Niuatoputapu placed on drought alert

The Tonga Meteorological Services has issued a Drought Alert for Niuatoputapu.

The remote island has received extremely low rainfall in the past three weeks.

There was only 1.0mm of rainfall recorded from the last week of August to 5 September 2021  

Tonga Met said there are also reports of water deficiency and drought conditions in the island that has shown impacts in water supplies and in most areas in the island.

“Also the rainfall forecast for the next 10 days is biased towards below average rainfall. Because we are still in the dry season and with the 10 day predictions pointing to drier conditions, Niuatoputapu Island Groups are placed under drought alerts, water rationing measures should start to be put in place.”

Households are being advised to closely monitor and look after their water supply in the 3 to 6months.

“If your water supply is rainwater only consider rationing and prioritizing your water usage for drinking, cooking and wash only, preserve water and collect as much rain water as possible by following the latest weather forecasts and reacting to forecasted rainfall events by collecting as much rain water as possible.”

Tonga Met is also advising families to implement careful drought planning and actions.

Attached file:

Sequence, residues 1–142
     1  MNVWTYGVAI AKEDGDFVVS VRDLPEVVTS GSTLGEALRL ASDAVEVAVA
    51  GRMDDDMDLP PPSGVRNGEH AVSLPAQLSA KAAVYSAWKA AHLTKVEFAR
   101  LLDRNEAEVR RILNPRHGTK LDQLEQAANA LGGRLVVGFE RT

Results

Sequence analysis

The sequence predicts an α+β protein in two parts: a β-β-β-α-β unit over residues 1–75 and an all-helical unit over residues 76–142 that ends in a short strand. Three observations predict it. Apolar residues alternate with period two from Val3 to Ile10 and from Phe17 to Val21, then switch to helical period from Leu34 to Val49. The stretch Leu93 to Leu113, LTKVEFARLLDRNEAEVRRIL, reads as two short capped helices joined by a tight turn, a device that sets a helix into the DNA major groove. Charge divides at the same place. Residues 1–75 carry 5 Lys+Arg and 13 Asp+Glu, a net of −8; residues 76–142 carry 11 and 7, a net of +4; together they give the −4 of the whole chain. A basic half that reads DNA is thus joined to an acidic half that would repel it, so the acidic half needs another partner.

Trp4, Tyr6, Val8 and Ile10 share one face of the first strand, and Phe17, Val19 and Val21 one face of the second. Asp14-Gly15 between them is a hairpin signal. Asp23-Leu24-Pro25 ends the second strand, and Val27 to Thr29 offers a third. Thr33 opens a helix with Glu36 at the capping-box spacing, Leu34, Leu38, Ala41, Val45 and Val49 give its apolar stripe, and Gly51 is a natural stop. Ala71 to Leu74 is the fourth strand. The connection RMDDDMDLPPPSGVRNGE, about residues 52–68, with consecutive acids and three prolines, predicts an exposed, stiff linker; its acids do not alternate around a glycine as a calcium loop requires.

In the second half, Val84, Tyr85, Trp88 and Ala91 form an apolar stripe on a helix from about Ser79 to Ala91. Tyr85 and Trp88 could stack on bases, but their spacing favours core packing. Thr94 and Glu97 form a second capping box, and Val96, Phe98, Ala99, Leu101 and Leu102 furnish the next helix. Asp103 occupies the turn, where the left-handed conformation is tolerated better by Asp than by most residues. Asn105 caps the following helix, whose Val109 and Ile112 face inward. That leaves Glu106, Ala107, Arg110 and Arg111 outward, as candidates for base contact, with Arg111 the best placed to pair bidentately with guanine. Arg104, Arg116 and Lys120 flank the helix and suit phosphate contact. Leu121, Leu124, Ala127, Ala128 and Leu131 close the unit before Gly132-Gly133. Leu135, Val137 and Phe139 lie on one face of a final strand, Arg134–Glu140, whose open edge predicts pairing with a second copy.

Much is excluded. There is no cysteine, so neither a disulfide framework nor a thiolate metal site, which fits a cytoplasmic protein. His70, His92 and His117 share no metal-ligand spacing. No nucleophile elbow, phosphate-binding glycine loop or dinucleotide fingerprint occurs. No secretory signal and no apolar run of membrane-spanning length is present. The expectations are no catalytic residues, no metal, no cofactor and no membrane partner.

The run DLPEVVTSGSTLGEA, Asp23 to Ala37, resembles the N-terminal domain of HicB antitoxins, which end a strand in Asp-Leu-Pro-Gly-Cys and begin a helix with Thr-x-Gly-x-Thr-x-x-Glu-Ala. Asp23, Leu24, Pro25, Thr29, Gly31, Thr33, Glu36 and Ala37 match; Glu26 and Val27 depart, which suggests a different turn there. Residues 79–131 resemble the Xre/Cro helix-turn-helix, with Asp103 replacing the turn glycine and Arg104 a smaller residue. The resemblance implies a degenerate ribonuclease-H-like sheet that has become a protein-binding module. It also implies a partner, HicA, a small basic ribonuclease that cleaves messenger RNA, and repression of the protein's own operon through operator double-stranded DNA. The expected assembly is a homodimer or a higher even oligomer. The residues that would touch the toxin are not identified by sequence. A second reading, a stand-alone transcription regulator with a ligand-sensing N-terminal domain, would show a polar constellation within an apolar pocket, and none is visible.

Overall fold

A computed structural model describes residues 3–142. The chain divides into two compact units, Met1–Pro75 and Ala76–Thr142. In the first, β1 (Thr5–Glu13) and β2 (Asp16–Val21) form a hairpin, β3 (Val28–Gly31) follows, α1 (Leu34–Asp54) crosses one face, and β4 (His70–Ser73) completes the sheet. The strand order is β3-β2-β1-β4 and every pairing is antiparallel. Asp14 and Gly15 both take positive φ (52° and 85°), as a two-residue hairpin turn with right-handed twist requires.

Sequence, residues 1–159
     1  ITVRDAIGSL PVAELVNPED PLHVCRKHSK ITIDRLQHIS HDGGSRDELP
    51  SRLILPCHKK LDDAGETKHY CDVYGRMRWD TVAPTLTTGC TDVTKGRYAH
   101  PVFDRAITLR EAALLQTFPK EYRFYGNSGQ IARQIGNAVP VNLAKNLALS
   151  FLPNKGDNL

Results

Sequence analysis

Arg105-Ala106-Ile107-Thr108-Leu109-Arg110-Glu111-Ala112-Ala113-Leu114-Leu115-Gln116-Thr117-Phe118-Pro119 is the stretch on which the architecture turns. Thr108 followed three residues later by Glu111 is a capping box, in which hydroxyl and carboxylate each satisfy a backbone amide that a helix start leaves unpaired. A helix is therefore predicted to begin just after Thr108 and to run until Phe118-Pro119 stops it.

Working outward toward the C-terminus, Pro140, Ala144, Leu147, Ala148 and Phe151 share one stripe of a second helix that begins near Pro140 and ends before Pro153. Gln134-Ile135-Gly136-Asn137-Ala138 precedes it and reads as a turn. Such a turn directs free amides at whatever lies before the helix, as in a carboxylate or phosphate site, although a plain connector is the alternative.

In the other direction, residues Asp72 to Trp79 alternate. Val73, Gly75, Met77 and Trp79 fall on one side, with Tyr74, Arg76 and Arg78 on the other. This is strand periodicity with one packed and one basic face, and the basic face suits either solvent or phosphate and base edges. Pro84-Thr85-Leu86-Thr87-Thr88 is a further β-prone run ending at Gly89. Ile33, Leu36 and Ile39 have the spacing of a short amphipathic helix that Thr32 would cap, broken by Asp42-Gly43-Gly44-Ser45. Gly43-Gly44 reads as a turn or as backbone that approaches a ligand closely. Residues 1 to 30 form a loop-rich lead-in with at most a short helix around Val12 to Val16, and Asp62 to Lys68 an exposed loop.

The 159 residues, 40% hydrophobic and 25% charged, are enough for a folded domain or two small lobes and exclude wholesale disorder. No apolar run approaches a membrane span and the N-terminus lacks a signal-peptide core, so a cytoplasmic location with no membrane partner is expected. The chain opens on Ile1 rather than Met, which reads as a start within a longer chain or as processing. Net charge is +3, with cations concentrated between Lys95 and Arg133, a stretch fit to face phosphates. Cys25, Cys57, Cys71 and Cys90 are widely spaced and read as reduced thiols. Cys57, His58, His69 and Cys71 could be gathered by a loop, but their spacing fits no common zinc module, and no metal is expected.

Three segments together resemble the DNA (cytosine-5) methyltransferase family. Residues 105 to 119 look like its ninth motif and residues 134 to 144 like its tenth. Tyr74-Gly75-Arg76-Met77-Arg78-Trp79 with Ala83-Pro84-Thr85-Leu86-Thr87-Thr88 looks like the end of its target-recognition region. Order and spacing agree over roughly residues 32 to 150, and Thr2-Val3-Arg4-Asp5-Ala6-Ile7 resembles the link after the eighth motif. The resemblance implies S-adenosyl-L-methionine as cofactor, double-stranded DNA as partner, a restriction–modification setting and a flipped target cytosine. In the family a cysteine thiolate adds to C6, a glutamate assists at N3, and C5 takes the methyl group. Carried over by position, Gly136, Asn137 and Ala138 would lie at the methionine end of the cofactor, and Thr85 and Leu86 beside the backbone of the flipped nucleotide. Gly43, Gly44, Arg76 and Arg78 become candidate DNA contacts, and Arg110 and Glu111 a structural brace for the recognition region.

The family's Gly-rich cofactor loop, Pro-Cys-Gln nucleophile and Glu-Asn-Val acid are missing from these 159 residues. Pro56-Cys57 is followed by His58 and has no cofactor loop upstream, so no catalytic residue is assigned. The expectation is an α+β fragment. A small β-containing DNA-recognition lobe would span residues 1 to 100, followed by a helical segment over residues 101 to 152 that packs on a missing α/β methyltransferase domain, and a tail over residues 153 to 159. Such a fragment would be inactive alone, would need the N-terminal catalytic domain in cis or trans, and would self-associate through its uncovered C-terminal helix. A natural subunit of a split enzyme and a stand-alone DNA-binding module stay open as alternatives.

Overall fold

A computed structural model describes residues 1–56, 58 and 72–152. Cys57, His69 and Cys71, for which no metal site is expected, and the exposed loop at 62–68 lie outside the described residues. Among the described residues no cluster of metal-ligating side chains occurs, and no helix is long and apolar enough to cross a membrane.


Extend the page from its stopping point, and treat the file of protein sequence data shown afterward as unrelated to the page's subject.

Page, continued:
The following have been recommended:

  • Prepare enough water if it can be spared for irrigating of water dependent crops
  • Apply mulching to the soil around crops to keep as much soil moisture in the ground
  • Plant drought resistant crops over the next 6 months e.g. cassava and lose yam
  • Discuss with your local MAFFF Extension Officer on how to safeguard your crops from drought
  • Follow the 10-day rainfall forecast provided by the Met Office daily

Tonga Met said drought especially prolonged drought always brings with it health risks.

“Drinking and using contaminated water could result in illnesses such as diarrhea and typhoid. And some skin diseases could be experienced due to lack of water for proper sanitation. Consider, boiling drinking water from water catchments. For those who pump ground water for usage, please consult with the Geology Division of the Ministry of Lands and Natural Resources on proper pump and ground water management during drought situations if prolonged dry periods are experienced.”

Town Officers and NGOs are being urged to work closely with communities’ groups to monitor and gauge the water availability and report to NEMO or MIA any water shortages or difficulties that start to arise.

 

Photo supplied Tonga Met Services  Caption: The impact of dry conditions are visible on Niuatoputapu